Inside linebackers still have a home in Packers' defense

Green Bay has confidence in four returning veterans leading room


GREEN BAY – The landscape of NFL defenses is changing with a riptide of athletic tight ends and dynamic slot receivers ushering in a new era of playmakers.

Smaller, faster defenders are creeping into the box to combat them. The lines between positions have blurred with players once categorized as defensive backs now stepping into hybrid roles.

Morgan Burnett has epitomized this phenomena in Green Bay. The Packers' veteran safety had a career year in 2016, playing everywhere from boundary and slot cornerback to inside linebacker.

As excited as the Packers are about maximizing the flexibility of Burnett and incoming rookie Josh Jones, the traditional linebacker isn't going anywhere, either.

In fact, the Packers are as deep and full of options at the position as they've been in the last six years with Jake Ryan, Blake Martinez, Joe Thomas and Jordan Tripp all returning.

"I think that where we are right now compared to this time last year – you're talking about Blake Martinez has a year under his belt," said defensive coordinator Dom Capers of last year's fourth-round pick. "Blake continues to make progress. Jake Ryan has played in there. Obviously, Joe has played a lot for us. Jordan Tripp is doing a nice job inside.

"I think we've got a pretty good mixture of guys there and more experience than what we've had."

Ryan, Thomas and Martinez combined to play more than 1,600 snaps a year ago, finishing third, fourth and six, respectively, in total tackles in what was the NFL's eighth-ranked run defense.

The Packers opened the year with Ryan and Martinez playing on early downs, and Thomas again playing the dime linebacker role until midseason injuries – Ryan and Martinez missed five combined games – opened the door for the former undrafted free agent to seize an every-down opportunity.

Thomas, who wound up leading all Packers linebackers with 632 snaps in 2016, has been the most common partner with Burnett in the Packers' hybrid "Nitro" nickel package in camp, but he snagged an interception while working next to Jones in the Packers' 24-9 win over Philadelphia last Thursday.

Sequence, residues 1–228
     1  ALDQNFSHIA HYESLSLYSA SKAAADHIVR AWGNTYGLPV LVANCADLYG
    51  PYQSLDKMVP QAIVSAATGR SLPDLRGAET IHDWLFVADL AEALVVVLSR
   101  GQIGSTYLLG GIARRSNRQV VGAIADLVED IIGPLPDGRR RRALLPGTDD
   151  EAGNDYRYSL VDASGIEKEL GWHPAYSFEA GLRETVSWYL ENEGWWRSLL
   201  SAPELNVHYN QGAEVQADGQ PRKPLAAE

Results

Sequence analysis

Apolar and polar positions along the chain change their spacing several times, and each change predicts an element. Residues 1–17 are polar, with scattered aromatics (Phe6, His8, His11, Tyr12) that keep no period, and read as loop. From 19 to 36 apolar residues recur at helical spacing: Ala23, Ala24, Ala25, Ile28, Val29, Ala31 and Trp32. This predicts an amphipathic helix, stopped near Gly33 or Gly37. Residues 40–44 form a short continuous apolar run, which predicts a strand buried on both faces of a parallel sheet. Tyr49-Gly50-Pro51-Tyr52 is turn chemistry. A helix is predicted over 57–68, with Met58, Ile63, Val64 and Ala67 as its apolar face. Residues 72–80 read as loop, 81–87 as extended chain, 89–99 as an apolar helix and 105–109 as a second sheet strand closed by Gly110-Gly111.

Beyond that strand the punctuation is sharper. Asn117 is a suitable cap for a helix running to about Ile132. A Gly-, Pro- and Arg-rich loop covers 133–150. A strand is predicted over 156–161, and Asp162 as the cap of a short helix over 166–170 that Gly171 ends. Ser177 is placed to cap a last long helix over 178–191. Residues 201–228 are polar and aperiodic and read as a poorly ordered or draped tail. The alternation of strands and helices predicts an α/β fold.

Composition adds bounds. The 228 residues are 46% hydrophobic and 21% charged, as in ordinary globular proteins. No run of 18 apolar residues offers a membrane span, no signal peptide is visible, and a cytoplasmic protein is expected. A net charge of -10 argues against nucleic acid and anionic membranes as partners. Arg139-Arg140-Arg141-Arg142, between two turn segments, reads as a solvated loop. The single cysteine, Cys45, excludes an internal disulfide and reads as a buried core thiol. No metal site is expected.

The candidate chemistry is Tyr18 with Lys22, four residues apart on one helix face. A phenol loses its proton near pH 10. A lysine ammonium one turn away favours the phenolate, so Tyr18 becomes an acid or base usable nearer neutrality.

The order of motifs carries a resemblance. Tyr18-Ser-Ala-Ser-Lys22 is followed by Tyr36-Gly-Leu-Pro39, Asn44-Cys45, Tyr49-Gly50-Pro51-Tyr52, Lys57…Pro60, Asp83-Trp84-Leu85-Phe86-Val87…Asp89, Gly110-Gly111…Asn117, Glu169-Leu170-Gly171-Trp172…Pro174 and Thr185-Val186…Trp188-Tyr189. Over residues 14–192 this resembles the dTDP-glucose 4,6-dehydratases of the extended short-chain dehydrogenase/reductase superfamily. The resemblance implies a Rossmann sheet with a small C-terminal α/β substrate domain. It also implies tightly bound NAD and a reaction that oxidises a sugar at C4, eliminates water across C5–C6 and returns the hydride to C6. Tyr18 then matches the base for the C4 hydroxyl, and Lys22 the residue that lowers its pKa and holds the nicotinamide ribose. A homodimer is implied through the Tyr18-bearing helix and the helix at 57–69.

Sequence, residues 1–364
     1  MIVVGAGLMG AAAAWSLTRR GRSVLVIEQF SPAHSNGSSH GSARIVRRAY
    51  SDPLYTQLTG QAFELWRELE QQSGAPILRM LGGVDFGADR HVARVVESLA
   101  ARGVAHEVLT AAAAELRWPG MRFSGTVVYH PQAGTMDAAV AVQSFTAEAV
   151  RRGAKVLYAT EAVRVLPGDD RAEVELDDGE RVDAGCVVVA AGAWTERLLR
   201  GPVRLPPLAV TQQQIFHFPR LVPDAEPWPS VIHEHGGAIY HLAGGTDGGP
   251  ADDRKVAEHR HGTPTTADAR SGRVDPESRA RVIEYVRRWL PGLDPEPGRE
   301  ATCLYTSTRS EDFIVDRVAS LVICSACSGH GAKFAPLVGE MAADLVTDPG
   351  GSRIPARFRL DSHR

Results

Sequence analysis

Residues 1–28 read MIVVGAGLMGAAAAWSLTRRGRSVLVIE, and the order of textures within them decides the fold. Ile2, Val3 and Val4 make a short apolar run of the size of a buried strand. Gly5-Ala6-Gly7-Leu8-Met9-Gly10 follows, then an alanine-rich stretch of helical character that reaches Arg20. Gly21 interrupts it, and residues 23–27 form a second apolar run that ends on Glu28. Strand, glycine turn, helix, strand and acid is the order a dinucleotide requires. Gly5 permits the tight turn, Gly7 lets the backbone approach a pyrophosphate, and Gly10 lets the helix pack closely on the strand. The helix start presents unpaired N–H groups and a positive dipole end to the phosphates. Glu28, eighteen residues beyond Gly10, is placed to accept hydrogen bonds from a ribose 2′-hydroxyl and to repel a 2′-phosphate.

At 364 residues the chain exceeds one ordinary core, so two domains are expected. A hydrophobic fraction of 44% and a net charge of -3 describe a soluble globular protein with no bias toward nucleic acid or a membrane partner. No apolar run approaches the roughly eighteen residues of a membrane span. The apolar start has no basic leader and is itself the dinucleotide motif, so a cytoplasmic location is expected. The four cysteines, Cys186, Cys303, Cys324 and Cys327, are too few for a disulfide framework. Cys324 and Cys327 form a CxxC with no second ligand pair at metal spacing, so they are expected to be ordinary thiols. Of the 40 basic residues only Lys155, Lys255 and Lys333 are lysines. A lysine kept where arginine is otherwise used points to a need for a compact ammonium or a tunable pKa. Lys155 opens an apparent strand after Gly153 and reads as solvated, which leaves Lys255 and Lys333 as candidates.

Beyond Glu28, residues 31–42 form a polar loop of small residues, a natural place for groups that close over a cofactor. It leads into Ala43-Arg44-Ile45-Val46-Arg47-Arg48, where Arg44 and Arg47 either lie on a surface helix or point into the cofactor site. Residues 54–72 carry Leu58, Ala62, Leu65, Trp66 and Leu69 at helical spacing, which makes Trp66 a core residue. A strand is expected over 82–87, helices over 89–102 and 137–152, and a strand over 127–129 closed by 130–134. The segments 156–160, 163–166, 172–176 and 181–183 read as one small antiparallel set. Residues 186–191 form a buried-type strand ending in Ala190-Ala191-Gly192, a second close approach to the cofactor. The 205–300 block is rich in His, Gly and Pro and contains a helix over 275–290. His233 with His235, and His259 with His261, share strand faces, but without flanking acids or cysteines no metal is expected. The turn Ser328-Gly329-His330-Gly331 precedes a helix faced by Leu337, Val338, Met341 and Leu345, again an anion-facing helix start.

After stepping in front of a Matt McGloin pass across the middle, the 6-foot-1, 227-pound linebacker's 30-yard return was one of four turnovers the Packers forced in a 24-9 win over Philadelphia in last Thursday's preseason opener.

"Experience plays a big part in this game," Thomas said. "I've been in a lot of situations and the game starts to slow down for you and I think it's slowed down for me at this point in my career. It was a really simple read for me and I went over the top."

Thomas' interception started a chain reaction of plays by the defense and its inside linebackers. Near the end of the half, Martinez forced a fumble by Eagles tight end Billy Brown.

Tripp, who signed with Green Bay last December, jumped into the playmaking role when he intercepted a pass intended for receiver Trevor Davis during Tuesday's practice at Nitschke Field.

Assistant linebackers coach Scott McCurley and the inside linebackers understand how defenses are changing but believe the position still has a lot to offer on both defense and special teams.

Ryan, Thomas, Martinez and Tripp all play on several first-team units for special-teams coordinator Ron Zook. They also rotated in at linebacker against the Eagles, with all four playing at least 19 defensive snaps.

It's still imperative for teams to boast two linebackers in their base and nickel packages to deter teams from routinely checking to run calls.

At the same time, Martinez recently acknowledged it's up to today's inside linebackers to prove they're capable of playing on all three downs. How do you do that? Make plays.

"I think it's more of another challenge, and I think if you're in this business you've got to be able to take chances and be able to rise up to the occasion," Martinez said. "You see the shift that's happening in the NFL. Are you going to be willing to work towards (overcoming) it and be that guy that can go out and do all those things that they're starting to ask of you? Or not? And if you're not, you're not going to be here long."

Head Coach Mike McCarthy often lauds inside linebackers for being the defense's key communicators. That's still the way Martinez, Thomas and the rest of the unit approach the jobs.

The competition for roster spots and playing time will continue to ramp up in the coming weeks. When a linebacker is summoned, however, the Packers have confidence that player is ready to rise to the challenge regardless of whether he's lining up next to another linebacker or a hybrid teammate.

"I like the way they've responded and handled it," McCurley said. "We're trying to keep it within our room to compete with ourselves and try to be as multiple as we can working in different personnel groupings, and keep everybody ready to go in different situations."

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